This is the gun I do not use to go hunting for rabbits.
Trying to figure out how to do this hunting thing is far from simple; it's a complicated learning process and one that I'm still very much involved in. This gun, then, is a snapshot from an early understanding of what was needed to get a rabbit for the pot.
It's a modified Crosman 2250 Ratcatcher. These guns are economical to buy new and can be very cheap second hand: I picked this one up (minus the scope and sound moderator) for £70 via the Pigeon Watch Forum. This was a good deal because the gun was in fine condition and had been modified with the addition of a steel breech. Ratcatchers come from the factory with a plastic breech and, if you want to achieve any sort of stability for your scope you'll definitely need to discard this and get a steel breech with proper scope rails (the Ratty does come with a scope of sorts when it's new, but it's very close to being a purely comical addition and little use for anything other than backyard plinking). Since this breech work had been done and the gun was in sparkling condition I was delighted with it for £70.
I picked up a second-hand scope from another online air-gun forum (£20 as I recall) a Nikko Sterling Silver Crown 4 X 32 (which seemed to me at the time perfectly adequate) and then a sound moderator from another forum (second-hand & made out of a high-tech plastic called "Delrin") for another £30.
The Ratty runs on CO2 - little cartridges that you can buy at gun shops or online - and fires a .22 pellet at about 7.5ftlbs. Though it's worth saying that it fires at 7.5ftlbs in warm or mild weather - in cold weather the numbers will go down a great deal.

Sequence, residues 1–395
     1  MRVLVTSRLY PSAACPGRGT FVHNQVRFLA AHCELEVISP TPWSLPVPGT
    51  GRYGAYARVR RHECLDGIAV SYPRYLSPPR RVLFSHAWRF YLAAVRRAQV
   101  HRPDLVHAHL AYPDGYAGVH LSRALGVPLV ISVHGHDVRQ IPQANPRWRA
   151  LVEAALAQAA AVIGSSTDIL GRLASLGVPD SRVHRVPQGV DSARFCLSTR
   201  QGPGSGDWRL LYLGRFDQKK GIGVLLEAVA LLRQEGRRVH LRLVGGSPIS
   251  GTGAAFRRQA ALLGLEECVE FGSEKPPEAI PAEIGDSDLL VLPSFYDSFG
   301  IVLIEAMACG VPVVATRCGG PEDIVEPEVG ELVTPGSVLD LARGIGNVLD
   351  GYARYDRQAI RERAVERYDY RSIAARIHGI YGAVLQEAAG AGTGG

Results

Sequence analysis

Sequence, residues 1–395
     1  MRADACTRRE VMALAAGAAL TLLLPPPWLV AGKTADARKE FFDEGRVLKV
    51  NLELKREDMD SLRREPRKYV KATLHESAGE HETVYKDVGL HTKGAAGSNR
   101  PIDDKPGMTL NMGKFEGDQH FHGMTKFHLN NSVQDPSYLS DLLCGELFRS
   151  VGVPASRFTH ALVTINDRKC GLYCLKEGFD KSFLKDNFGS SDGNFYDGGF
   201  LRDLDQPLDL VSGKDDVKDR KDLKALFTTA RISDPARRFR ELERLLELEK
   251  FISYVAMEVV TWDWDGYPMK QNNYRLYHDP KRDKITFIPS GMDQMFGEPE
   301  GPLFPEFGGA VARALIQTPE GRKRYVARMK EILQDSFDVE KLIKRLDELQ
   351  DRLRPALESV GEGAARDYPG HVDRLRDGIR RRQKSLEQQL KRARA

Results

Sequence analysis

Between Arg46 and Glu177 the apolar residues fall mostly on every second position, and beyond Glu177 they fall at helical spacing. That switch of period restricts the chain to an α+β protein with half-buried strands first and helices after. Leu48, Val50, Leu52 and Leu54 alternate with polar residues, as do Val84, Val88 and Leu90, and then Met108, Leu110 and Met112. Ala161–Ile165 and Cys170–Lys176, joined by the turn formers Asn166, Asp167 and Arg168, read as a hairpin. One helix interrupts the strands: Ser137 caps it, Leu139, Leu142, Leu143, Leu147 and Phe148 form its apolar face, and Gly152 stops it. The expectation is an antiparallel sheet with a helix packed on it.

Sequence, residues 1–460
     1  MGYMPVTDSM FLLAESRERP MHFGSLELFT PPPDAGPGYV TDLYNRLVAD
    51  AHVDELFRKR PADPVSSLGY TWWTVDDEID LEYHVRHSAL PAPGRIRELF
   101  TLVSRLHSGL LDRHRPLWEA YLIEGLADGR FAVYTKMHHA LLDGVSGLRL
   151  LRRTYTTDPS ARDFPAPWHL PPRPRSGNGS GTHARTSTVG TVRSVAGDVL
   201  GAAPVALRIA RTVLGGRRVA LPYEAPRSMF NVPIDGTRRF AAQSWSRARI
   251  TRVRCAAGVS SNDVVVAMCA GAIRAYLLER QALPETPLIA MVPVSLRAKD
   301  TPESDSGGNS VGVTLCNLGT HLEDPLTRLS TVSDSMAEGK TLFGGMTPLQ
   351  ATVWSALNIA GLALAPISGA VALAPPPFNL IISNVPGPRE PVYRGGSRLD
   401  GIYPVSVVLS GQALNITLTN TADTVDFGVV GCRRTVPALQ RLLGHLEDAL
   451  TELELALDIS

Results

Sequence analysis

I liked the Ratty: it was extraordinarily light and easy to carry - you could wander round the fields for hours with this thing on your shoulder and practically forget that it was there; with the scope set up it was accurate: after a good deal of practise I was getting good-enough groups at 30 yards to justify using the thing to hunt with. So start to hunt I did.
And I got nothing. I couldn't hit a damn thing. And the reason? It's not about the gun, I learned, it's not about the gun.
The finest, most ludicrously expensive, blinged, polished & smartly-equipped air rifle available (shooting under 12ftlbs as per the demands of the law) will, I eventually learned, get you absolutely bugger all for the pot if you don't know enough about the business of hunting itself.
The Ratcatcher, if you can stalk and if you know about how to conduct yourself in the field whilst out after rabbits, will probably, at close range (that's to say up to 30 yards) almost certainly help you fill up the cook pot. But if you don't know how to stalk (I didn't and I still don't) then forget it. If you can't get very close, then it just doesn't have the poke for the job.
I spent a few weeks getting this into my thick bonce and then bit the bullet and bought another gun.